Picture this, Chiang Kai Shek ruled the whole of China from 1928, then moved to Taiwan after losing the civil war in 1949. He ruled Taiwan until his death in 1975, after which his son Chiang Chingkuo took over. This was still the Republic of China and the Kuomintang, a single-party dictatorial polity which officially still claimed the whole of China (and Mongolia!) and had actual plans of reunification. Then upon the death of Chiang Kaishek's son, the helm passes to… Lee Tenghui? A Christian, childless native Taiwanese wannabe samurai with an American PhD? What the hell? And not through a popular election, no, he actually went through the internal standard procedures of the Kuomintang. What the fuck happened?
So thought a lot of people, but what can you do. The guy was smooth. Very smooth. On assuming power he, slowly but steadily, started the controlled demolition of the Kuomintang and the Republic of China edifice. He started harbouring Taiwanese separatists, speaking in the local dialect, changing the school textbooks, praising Japan, basically making Taiwan what it's today: a country which feels little connection to China. People think the Taiwanese have always opposed reunification but in 1990 a big majority of the locals still thought unification would happen, and on their terms. Yeah, kinda funny, I know. Lee Tenghui slowly disabused them of the notion.
That's a guy who for 20 long years had worked inside the regime, made speeches on how proud he was of being Chinese, on how reunification is his dream, on how he loves and respected the Chiang dynasty, etc. I've talked before on how East Asians like to grind, have a patience and dedication which is hard to fathom for most Whites. But this guy, he's beyond the charts. 20 years he took all amount of shit until he rose to the top and he could take his vengeance. Again, I disagree with everything he stood for. But I can't help admiring the guy. He was a fine, genius-tier politician.
Lee Tenghui dismantled the single-party regime, allowed other political parties and instituted free elections. Changed the constitution, all that. The first elections were in 1996, and he won, fair and square, but he of course had good reasons to be popular. Then he went on pissing off China, building the grounds for Taiwanese independence. And by the 2000 elections, which he couldn't compete because of term limits, he pretty much openly helped the opposition! The president of the KMT, campaigning against his own team! His, again, genius-tier machinations, surgical strike of leaks and other manoeuvres made it so Chen Shuibian, the leader of Taiwanese separatists, won the election with 39% of the vote.
Lee Tenghui was still the head of the Kuomintang, the party of the Chinese army that flew to Taiwan only after losing the civil war in 1949. He might have manoeuvred his way into the committee by skillfully playing elite politics but the vast majority of the party supporters were people who had actually been fought in the Chinese Civil War, and their families. On losing the 2000 election the KMT masses surrounded the party HQs and were pretty close to grabbing the guy and quartering him on the street. Things didn't get that violent but he was forced to resign the party leadership and soon after he was outright expelled. After that he founded his own, openly separatist party, and I don't believe he has ever been seen speaking Mandarin again.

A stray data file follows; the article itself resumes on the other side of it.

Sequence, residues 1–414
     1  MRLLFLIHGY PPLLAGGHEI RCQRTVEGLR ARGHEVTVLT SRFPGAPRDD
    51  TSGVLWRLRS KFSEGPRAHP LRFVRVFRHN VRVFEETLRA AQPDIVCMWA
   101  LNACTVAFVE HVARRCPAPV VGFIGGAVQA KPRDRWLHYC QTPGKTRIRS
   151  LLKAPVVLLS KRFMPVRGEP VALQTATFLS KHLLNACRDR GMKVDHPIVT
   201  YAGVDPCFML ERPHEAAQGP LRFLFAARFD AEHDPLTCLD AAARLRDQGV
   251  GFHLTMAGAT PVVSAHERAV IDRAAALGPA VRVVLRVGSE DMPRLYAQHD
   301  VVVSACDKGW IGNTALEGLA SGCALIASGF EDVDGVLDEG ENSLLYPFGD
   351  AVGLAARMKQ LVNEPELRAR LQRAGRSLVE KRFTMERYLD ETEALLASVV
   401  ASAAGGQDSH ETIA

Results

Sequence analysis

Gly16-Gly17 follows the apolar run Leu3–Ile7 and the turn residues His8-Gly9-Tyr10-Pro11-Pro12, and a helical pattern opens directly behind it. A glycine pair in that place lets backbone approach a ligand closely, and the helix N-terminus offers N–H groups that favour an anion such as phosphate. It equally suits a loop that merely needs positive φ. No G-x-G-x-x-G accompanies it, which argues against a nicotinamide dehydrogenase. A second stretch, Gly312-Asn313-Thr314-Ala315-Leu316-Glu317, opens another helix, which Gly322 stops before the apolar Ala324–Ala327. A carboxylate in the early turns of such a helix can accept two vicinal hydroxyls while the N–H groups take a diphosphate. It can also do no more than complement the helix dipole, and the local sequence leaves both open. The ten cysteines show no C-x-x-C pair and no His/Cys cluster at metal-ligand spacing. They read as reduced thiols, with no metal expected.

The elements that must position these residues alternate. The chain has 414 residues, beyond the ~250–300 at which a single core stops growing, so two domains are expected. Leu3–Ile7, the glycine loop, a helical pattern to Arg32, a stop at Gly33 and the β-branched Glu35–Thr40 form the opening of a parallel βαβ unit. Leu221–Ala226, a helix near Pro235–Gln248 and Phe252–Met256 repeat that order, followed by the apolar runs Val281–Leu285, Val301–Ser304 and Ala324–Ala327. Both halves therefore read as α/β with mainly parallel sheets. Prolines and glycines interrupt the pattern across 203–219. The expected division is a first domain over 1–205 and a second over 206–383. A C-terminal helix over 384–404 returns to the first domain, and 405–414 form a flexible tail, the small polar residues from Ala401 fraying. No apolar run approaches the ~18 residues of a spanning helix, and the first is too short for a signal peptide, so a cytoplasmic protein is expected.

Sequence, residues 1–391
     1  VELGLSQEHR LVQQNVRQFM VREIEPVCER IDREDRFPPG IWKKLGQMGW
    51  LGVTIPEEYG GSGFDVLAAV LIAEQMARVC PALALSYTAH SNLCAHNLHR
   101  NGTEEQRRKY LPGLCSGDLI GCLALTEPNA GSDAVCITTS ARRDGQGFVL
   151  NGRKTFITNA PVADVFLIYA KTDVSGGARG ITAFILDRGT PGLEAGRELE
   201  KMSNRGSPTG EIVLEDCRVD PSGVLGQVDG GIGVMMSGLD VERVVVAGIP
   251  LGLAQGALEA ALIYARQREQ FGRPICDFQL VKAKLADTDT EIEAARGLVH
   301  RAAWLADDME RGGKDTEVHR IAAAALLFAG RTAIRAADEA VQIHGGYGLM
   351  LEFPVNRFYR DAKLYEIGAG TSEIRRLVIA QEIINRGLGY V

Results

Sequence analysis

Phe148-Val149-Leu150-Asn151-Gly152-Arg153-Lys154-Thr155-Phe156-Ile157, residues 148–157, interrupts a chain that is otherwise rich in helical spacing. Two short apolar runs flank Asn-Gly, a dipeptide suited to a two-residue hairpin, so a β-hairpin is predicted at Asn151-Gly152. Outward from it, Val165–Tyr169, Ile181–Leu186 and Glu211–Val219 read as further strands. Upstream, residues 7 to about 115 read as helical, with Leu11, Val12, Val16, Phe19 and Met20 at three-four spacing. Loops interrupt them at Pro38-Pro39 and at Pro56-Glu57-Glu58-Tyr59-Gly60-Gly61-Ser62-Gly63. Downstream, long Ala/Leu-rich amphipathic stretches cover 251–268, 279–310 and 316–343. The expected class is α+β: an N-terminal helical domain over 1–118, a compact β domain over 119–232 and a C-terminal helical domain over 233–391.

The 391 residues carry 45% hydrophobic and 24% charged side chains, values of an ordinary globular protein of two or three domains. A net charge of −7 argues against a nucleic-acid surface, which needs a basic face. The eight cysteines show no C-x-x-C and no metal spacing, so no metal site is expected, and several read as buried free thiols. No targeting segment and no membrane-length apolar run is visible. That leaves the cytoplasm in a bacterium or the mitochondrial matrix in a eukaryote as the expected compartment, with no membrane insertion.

He has been seen speaking Japanese quite a few times though. He raised quite the ruckus when he visited Yasukuni shrine in Tokyo, which he felt so strongly he visibly cried while praying there. Of course the guy is a rockstar among right-wingers in Japan; the man openly defended Japanese imperialism. A guy who used to run the Kuomintang, the party which bitterly fought Japan for 15 long years. You can't make this stuff up.
We wuz samurai,
Why would he do that? The guy owned the place, he was by far the most powerful man in Taiwan. Why did he throw everything away, why did he go out of his way to destroy his own party? Because he hated them, he hated the Chinese transplants of the Kuomintang and everything they represented. The guy had been a privileged comprador elite, doing Kendo with his imperial master in Kyoto. He felt so damn good there, knowing he had access to stuff that 99.9% of people in Taiwan would never get. Then Japan lost the war and his family lost everything they had. The other way around, as former collaborators they were very likely the target of all manner of harassment.
The guy then eventually became even more elite, even more privileged, but the feelings of youth don't go away so easily. He gave it all away to hang out with his old Kendo buddies in Japan, and spite the old Kuomintang clique who he had suffered for 20 long years in Taiwan. Lee gave dozens of interviews and wrote a bunch of books basically shitting on the Kuomintang. That must have felt good. But that also shows what ideology is most often about. Feeling good.
I'm not just deducing this, you should have seen the guy, before and after he achieved power and started pushing for Taiwanese independence. The guy was happy, funny, talkative, a joy to watch. Nothing like the stiff, old-school politicians out there, or his former self in the old Chiang days. You could really tell he was enjoying every minute of his destruction of the party that made him president.
Now the man is dead, but his legacy lives on. Taiwan is not only de-facto independent, it now has, very much due to him alone, an independent, if somewhat confused, identity. A large majority of Taiwanese don't call themselves Chinese anymore, and shiver at the thought of reunification. Separatists have run the country for 12 out of 20 years since Lee left power, and will likely do so indefinitely until China actually sends troops. China hasn't been idle either, it has bought off a big chunk of the local media, is by far the biggest factor in the economy, and has infiltrated so much of the Taiwanese military the the joke is China might have enough ships to transport its troops to invade Taiwan but it doesn't have enough to exfiltrate all the spies it has in the island.
Xi Jinping has hinted that reunification will happen in his watch, and that he'll invade he has to. So I'd predict Taiwan will fall during this decade. Unless America intervenes, after first sight of PLA fighter jets I expect the Taiwanese to surrender before you can say "bubble tea". But America may very well intervene, and if so there will be much blood and destruction. Also more closure, and a more meaningful geopolitical outcome. Lee Tenghui won't be there to see it, but the bunch of childless, gaymarried anime cosplayed cat ladies he left leading the country will be there.